- The national impacts of the project of “European integration”– As has become clear during the various sovereign debt bailout episodes as well as how leaders such as Merkel, Macron, Cameron, etc. position themselves domestically through their positions on the EU, the national outcomes of the EU project are diverse with a multiplicity of particularities developing directly from the institutional framework of the EU. It is then imperative that the forces seeking substantial transformation treat the manifold impacts which have arisen under unitary EU policies with precision in order to develop alternative policies at the domestic and international level. With this in mind we call for papers highlighting the country specific impacts of the evolution of the EU institutional framework since and during the post-2008 period. Papers studying the impact of the Two-pack, Six-Pack and Budgetary Pact on individual country trajectories, the impact of the Brexit negotiations, the Macron proposals for relaunching the EU amongst other such aspects are welcome. Submissions detailing the empirical concrete of the national terrains of politics upon which domestic and local alternative forces need to be articulated are encouraged.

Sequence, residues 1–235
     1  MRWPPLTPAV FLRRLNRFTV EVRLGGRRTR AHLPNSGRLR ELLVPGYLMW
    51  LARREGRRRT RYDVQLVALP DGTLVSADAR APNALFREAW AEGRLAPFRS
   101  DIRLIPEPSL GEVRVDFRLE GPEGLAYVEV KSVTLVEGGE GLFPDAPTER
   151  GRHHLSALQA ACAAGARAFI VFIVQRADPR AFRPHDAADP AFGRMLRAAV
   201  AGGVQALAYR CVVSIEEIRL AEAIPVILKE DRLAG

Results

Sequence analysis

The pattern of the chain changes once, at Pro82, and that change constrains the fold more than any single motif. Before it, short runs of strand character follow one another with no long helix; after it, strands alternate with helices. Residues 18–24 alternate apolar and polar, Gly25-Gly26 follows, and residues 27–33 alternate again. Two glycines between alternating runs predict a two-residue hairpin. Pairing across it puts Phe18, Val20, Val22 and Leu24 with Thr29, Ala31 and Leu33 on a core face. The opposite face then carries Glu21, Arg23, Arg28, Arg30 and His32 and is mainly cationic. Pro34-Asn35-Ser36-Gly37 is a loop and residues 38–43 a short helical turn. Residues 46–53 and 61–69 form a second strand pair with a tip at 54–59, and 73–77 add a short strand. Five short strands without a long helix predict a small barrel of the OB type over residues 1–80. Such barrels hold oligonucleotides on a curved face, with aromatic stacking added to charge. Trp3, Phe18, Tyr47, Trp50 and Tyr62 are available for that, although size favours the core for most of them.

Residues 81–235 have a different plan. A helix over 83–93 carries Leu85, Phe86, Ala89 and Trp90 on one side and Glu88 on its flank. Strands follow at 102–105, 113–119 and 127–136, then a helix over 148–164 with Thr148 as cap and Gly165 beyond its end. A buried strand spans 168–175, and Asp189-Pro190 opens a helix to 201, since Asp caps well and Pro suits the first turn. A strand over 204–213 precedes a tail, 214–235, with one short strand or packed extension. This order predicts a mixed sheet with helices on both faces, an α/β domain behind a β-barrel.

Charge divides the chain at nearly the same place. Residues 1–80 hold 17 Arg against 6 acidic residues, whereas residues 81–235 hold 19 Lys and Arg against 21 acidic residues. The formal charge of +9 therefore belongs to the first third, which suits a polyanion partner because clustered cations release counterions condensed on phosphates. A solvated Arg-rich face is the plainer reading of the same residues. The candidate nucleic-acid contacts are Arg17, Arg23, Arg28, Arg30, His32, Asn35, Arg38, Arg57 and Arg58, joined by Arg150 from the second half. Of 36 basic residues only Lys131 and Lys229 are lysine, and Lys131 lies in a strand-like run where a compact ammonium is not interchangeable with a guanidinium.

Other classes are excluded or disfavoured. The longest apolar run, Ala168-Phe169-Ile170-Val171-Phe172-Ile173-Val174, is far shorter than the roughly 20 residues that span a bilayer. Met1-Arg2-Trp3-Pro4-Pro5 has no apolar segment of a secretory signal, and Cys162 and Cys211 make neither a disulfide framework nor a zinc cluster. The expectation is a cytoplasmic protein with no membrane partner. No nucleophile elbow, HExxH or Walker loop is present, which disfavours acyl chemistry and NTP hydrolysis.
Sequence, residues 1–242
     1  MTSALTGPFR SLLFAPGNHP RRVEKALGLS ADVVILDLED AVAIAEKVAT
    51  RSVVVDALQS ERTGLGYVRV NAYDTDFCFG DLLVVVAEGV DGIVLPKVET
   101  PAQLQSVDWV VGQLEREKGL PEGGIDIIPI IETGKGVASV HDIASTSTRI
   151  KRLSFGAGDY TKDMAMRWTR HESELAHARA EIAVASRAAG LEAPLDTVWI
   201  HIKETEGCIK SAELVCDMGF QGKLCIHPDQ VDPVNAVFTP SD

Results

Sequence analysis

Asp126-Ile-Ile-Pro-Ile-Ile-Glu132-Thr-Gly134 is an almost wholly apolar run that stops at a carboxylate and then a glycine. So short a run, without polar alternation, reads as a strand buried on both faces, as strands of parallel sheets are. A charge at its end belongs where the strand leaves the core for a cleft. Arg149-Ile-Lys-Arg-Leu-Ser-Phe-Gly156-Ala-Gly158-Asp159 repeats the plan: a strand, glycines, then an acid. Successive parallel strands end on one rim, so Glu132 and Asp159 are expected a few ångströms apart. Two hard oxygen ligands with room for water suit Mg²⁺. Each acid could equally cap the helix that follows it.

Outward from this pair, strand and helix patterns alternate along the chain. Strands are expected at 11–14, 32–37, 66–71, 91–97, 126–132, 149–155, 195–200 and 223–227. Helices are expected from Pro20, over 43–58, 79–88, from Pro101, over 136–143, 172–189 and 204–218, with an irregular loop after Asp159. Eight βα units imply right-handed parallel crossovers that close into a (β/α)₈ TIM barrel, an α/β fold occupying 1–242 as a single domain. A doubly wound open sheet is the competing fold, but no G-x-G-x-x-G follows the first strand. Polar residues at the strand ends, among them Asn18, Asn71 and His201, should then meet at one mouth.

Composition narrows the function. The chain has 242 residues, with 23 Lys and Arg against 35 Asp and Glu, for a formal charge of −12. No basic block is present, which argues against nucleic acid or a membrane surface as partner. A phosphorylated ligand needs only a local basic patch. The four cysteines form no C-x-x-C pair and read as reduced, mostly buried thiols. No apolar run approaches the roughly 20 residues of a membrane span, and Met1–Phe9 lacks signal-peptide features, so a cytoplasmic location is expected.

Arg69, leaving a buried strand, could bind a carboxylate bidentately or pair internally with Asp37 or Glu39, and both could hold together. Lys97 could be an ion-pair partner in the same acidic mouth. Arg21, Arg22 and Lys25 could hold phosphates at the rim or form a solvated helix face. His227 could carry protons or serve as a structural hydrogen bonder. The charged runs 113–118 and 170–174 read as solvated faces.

- “The centre cannot hold” – Today the rise of far right and “populist” backlash against the EU can be seen as the manifestation of the double movement against the free market. This has resulted in the rise of ultraconservative nationalisms and xenophobic movements being able to pit themselves as a worthy alternative as the political centre begins to lose legitimacy. What does the mainstream acceptance of once upon a time fringe right-wing movements mean for forces who seek a markedly different Europe? Papers focusing on the rise of far-right ultranationalist, populist and conservative movements across the EU are called for submission. Specific regard should be given to the institutional, economic, political and sociocultural setting within the EU upon which such hyper-nationalist forces have been able to build a base of support such as the National Front in France, Fidesz in Hungary and the Northern League in Italy. At the same time, the current legitimacy crisis for the centre also means new opportunities for the left. Therefore, we also call for papers assessing the prospects for and developing alternative policy frameworks as practical responses to the quagmire of neoliberal austerity, toxic levels of public and private debt, technocratic rule and market authoritarianism.